The eutrophication of lakes and watercourses increases. Fish are seriously affected through changes in species composition and a shift towards warm-water species. Foreign species will also spread out further. Overall fish catches may increase, particularly in certain lakes (1).
Cod being wiped out in the Baltic Sea would entail a reduction in catches equivalent to SEK 200 million annually. In total, the fishing industry would suffer losses of around SEK 230 million annually. Calculated on the basis of a successive change through until 2100, this will give rise to reduced earnings of approximately SEK 15 billion. The increased aggregate costs of damage for drinking-water supply and fisheries in Sweden in the period 2010-2100 would be 60-140 SEK billion (1).
The total loss of cod fishing in the Baltic Sea would have a very serious impact on a large proportion of the Swedish fishing industry, as the leading value-creating species in the Baltic would be lost. This would probably also have significant consequences for both employment and the cultural environment in smaller towns and fishing villages, primarily in south-eastern Sweden (1).
In general it is difficult to distinguish the impacts of climate change on fisheries from other anthropogenic impacts when observed by means of conventional ecological criteria regarding the abundance, growth and catches of different species (2).
In the long run, climatic warming may have a significant effect on the state of waters, fish stocks, fishing and fish farming but, in the short run, other factors such as market conditions, fishing restrictions, increase of the grey seal population, reduced fishing capacity and natural variation of fish stocks will have a significantly greater impact than climate change on occupational and leisure fishing (3).
A general increase in North Atlantic and Arctic fisheries is likely, based on traditional species as well as the influx of more southerly species. This will affect East Greenland, Iceland, Norway, Sweden, Finland, Northwest Russia, and adjacent seas (4).
An increased yield of marine warm-water species can be anticipated as a result of the inward migration from the south of species such as mullet and European sea bass. Increased bottom water temperatures also entail higher growth for lobsters, crabs and Norway lobster. Catches of Norway lobster have increased by 30% over the past two warm years, for example (1).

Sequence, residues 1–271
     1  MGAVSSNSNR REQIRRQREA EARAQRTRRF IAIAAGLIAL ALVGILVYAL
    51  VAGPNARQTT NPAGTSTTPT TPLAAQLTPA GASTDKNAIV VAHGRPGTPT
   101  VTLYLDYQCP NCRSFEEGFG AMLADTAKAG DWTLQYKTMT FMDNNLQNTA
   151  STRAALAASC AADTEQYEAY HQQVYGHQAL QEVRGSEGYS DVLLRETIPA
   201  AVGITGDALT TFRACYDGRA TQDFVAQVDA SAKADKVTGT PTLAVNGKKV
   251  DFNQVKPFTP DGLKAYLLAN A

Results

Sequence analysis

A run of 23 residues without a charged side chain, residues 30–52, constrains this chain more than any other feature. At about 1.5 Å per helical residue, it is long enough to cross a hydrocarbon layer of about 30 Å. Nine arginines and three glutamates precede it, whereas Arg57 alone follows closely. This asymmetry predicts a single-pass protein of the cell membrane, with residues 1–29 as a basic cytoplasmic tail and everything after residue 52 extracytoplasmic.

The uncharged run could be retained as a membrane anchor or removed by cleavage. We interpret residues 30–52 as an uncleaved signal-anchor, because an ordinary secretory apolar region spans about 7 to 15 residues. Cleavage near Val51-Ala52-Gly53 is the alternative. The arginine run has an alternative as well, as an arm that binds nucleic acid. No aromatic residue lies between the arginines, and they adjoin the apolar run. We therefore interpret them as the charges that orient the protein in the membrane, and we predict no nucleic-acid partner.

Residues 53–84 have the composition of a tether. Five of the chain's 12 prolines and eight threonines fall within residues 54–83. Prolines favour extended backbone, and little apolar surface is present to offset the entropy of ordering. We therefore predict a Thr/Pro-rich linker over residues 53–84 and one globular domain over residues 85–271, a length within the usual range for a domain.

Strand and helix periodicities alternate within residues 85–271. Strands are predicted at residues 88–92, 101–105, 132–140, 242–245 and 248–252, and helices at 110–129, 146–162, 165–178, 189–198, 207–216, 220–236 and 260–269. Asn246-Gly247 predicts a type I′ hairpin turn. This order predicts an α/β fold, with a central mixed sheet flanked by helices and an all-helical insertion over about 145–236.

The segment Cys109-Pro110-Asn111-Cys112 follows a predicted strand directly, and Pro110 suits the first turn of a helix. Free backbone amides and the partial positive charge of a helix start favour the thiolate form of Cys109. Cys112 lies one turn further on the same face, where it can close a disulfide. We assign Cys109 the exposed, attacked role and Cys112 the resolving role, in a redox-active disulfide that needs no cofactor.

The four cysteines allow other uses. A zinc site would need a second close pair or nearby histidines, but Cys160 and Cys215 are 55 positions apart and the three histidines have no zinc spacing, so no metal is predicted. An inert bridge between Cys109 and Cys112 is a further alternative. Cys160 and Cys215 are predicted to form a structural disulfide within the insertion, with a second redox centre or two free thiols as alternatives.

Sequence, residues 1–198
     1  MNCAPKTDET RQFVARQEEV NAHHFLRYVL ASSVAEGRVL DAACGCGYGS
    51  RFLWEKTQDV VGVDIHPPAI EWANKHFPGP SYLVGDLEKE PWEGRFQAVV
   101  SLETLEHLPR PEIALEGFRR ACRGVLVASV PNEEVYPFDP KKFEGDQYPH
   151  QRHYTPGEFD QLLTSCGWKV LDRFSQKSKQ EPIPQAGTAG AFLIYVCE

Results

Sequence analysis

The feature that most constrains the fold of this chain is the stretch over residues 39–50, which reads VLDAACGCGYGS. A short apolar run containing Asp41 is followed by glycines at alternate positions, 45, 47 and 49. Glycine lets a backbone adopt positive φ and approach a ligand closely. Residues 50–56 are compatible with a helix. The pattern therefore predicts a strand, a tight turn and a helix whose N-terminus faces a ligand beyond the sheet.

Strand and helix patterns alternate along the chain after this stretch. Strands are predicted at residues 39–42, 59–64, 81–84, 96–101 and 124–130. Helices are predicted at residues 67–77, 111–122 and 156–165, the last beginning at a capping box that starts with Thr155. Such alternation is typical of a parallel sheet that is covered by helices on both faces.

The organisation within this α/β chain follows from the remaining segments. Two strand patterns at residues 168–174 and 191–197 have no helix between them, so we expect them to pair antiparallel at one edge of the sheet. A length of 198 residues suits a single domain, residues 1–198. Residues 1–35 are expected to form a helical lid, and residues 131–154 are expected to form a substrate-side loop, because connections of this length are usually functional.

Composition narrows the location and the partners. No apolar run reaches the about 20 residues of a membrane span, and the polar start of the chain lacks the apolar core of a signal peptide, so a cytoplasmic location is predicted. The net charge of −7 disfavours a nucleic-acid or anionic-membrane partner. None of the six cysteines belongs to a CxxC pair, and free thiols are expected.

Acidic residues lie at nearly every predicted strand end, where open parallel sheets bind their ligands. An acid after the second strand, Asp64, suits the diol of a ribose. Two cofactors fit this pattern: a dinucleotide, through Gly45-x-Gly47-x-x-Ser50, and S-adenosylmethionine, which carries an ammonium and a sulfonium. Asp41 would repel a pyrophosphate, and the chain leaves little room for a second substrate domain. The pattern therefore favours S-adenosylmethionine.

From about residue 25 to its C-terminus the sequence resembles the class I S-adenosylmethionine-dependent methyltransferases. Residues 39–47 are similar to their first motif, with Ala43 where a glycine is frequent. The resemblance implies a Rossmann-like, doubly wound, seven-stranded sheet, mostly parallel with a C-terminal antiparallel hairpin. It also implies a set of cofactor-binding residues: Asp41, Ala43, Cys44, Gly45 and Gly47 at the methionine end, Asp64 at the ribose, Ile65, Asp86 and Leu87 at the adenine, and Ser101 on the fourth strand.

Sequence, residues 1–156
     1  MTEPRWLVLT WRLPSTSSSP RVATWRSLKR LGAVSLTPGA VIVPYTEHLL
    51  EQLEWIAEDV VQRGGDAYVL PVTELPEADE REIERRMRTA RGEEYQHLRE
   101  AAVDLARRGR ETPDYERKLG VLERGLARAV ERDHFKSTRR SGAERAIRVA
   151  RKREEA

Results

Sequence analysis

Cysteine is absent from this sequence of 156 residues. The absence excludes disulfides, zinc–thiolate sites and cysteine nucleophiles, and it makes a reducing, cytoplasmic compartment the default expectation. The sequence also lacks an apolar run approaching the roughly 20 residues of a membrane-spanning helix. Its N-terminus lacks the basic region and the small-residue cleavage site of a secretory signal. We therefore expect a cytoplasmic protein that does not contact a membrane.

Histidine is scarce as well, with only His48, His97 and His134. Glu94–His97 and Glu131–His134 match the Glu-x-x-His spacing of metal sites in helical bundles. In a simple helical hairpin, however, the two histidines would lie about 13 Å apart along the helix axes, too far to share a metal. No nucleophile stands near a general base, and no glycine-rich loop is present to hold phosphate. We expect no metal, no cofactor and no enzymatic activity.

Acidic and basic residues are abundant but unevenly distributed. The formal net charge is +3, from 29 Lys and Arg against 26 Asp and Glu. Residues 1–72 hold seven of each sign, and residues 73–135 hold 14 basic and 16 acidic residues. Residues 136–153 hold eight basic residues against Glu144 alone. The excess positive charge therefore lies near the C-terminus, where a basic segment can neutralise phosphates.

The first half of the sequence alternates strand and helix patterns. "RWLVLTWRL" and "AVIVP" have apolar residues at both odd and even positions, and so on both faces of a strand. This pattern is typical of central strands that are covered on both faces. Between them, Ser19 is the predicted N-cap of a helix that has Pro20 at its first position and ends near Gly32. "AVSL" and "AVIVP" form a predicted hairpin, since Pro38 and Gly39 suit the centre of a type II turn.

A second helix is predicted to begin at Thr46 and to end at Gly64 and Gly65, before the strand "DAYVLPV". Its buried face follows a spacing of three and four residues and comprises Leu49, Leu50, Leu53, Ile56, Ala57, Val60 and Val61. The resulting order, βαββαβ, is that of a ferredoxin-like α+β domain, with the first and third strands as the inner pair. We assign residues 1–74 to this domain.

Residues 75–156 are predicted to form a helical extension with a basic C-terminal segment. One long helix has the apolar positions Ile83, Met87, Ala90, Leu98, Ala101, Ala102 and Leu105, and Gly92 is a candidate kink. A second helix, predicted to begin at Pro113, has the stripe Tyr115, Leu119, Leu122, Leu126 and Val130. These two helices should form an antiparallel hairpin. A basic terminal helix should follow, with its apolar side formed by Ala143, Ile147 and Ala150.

Despite the negative consequences for especially cod, total fish production will probably increase in fresh water, as the warm-water species, including commercially important species such as pike, zander and perch, will be able to spread further across the country due to higher temperatures and an increased supply of nutrients to watercourses as a result of increased runoff (1).
The EU has a clear role to play in reducing the input of nutrients to the Baltic Sea. The EU’s marine strategy and the EC directive linked to the strategy to some extent improve the prospects of initiatives in support of the Baltic. A common Baltic Sea Action Plan can make a further contribution to create the necessary basis for extended efforts (1).
In freshwater and in the North Sea, there is a clearer trend towards greater numbers of warm-water species and a greater spread of these northwards. To make it easier for species to spread to new lake systems and thereby to facilitate the preservation of a particular fish, even when cold-water species are declining due to climate change, it is essential for migration opportunities between and within water systems to be maintained or increased. Alternatively, the artificial distribution of fish can be considered (1).
The references below are cited in full in a separate map 'References'. Please click here if you are looking for the full references for Sweden.
- Swedish Commission on Climate and Vulnerability (2007)
- Marttila et al. (2005)
- Ministry of the Environment of Sweden (2009)
- ACIA (2004)